Bankei was a famous Zen teacher in Japan many years ago.
His lectures were so popular they attracted many students, they were always open to anyone, no matter what their experience with Zen was.
Once during a series of lectures some of his long term students found that some of their personal items had been stolen. The obvious suspect was a stranger new to the lectures.
So they searched his room, and found some of the stolen items in his room.
The students went to Bankei asking him to expel the thief, but to their surprise Bankei did nothing.
Not long later other personal items were found missing and again a search of this strangers room found the stolen items.
This time the long time students wrote up a petition, and presented it to their teacher Bankei asking formally that the stranger be expelled.
Bankei accepted their petition telling them he would reveal his decision the next day. The students all gathered together the next day to hear his decision.
Bankei spoke to them saying, "I have read your petition, but I am afraid I can not expel this person who is a known thief."
'You are all good students, and have been with me for a long time', he continued, "and I will do everything I can to help you find another teacher if you wish to leave".
"But I must explain why I can not expel this person as you request", he said.
"As good and conscientious students, I am sure you will all have no problems finding another teacher. Clearly you all understand the difference between right and wrong conduct", he explained.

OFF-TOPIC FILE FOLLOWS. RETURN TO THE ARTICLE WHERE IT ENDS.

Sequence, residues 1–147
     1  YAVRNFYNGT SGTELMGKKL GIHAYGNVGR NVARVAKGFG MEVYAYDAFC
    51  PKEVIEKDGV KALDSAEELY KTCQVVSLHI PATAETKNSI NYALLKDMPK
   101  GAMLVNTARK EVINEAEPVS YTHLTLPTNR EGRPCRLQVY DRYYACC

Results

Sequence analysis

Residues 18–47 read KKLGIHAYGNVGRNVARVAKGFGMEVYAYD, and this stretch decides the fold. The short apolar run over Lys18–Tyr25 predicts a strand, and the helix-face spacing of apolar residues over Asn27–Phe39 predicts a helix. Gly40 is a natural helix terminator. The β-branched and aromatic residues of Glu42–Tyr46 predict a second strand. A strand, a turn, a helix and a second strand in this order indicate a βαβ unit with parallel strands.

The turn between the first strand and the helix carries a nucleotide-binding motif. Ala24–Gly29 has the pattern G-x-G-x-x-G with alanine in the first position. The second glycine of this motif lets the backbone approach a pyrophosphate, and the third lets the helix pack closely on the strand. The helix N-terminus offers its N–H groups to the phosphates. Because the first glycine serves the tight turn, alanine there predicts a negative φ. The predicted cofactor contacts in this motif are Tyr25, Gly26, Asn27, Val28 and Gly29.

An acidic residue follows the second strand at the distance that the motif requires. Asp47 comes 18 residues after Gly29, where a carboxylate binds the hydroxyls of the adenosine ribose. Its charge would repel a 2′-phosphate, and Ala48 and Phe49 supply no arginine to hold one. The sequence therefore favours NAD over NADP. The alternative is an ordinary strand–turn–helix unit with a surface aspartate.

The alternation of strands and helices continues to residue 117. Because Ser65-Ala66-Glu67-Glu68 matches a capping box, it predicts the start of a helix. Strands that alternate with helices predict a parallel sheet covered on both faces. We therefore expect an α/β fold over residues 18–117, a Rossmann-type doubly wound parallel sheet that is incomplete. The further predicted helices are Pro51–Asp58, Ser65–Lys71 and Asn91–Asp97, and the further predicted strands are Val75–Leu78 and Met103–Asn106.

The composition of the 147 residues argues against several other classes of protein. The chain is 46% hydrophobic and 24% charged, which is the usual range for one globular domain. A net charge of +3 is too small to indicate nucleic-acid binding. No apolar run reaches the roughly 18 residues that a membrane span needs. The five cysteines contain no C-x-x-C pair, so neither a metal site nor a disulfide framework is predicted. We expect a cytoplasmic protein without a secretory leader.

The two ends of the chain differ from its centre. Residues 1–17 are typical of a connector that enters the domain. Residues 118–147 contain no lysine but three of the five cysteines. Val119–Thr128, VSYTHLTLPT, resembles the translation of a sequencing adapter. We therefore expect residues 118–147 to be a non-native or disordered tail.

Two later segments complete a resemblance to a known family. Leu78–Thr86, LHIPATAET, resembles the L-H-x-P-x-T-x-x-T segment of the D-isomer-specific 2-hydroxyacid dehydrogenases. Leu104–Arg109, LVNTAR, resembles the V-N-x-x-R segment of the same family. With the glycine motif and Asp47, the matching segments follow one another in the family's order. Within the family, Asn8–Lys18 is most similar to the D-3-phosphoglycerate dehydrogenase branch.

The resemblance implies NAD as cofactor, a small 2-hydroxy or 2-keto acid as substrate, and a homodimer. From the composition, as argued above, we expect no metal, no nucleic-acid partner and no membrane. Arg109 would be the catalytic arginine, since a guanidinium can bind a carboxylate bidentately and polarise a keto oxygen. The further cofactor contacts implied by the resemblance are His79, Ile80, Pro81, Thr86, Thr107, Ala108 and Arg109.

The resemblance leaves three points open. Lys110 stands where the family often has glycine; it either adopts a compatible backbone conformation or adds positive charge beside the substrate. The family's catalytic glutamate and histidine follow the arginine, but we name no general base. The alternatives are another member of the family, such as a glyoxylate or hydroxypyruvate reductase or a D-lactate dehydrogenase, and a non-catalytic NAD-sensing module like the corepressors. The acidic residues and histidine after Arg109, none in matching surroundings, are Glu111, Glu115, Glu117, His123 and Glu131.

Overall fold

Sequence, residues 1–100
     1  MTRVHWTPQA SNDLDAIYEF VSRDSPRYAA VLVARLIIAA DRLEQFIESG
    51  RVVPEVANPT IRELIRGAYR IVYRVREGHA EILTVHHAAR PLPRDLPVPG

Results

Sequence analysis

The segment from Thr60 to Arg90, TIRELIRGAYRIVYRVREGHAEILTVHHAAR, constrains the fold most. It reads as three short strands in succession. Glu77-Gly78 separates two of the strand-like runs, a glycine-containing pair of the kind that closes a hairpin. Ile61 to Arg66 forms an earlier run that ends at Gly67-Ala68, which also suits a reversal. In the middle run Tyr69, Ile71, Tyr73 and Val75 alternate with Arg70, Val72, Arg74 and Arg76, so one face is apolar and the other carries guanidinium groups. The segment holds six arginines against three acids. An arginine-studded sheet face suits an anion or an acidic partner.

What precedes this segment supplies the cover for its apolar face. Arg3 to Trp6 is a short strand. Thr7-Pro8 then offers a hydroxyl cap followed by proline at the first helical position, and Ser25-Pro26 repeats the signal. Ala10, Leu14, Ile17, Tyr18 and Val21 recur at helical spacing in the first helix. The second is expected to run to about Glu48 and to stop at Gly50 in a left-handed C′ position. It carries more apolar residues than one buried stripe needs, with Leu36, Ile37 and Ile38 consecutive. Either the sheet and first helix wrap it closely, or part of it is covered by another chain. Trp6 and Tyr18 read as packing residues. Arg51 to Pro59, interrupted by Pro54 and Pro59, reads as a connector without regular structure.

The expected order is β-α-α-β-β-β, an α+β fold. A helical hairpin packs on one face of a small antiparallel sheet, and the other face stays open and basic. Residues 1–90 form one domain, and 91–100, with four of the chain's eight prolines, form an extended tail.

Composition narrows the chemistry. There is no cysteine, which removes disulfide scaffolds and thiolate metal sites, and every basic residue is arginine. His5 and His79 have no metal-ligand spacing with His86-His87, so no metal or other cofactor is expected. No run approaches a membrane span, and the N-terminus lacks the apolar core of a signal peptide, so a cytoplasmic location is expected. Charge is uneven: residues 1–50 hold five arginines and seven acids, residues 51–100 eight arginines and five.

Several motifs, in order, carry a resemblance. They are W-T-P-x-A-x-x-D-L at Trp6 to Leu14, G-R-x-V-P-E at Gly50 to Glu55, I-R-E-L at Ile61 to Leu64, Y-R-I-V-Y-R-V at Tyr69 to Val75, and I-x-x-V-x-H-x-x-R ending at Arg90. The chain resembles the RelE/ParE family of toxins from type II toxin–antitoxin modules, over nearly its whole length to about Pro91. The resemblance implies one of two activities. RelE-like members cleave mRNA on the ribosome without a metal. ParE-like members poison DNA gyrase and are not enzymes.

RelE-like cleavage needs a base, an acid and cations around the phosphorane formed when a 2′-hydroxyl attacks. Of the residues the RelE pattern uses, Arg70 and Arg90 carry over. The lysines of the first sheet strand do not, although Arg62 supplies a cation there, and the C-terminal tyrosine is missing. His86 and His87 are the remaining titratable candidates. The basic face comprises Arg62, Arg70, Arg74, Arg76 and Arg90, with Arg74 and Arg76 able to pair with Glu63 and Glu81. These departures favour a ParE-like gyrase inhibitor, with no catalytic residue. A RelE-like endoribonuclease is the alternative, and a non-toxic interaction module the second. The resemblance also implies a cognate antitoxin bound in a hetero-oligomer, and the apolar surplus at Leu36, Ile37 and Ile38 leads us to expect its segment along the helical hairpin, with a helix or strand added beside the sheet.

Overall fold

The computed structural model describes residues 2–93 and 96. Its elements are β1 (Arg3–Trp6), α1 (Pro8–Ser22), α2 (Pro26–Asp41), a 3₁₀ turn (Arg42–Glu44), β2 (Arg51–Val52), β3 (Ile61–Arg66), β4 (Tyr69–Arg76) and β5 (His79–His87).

"But this poor fellow here", he said pointing at the thief, "he does not understand that fact. Now if were to expel him as you want me to, he would be disgraced and no teacher would accept him again. If that were done, where would he ever have another chance to hear and understand the Dharma? For that reason I must reject your petition, even though it might mean that some of you, my long time and conscientious students would leave me. That would be a sad event, but I can not allow such a thing to occur and deprive this poor man of his change to hear the dharma. So, for that reason I must reject your petition."
When hearing this the theif broke into tears. The story goes that he became Bankeis best student, and it is presumed, eventually achieved understanding of the dharma with Benkei as his teacher.
Shame on you Shakyamuni for setting the precedent of leaving home.
Did you think it was not there--
in your wife's lovely face
in your baby's laughter?
Did you think you had to go elsewhere (simply) to find it?
from - Judyth Collin
The Layman's Lament
From What Book, 1998, p. 52
Edited by Gary Gach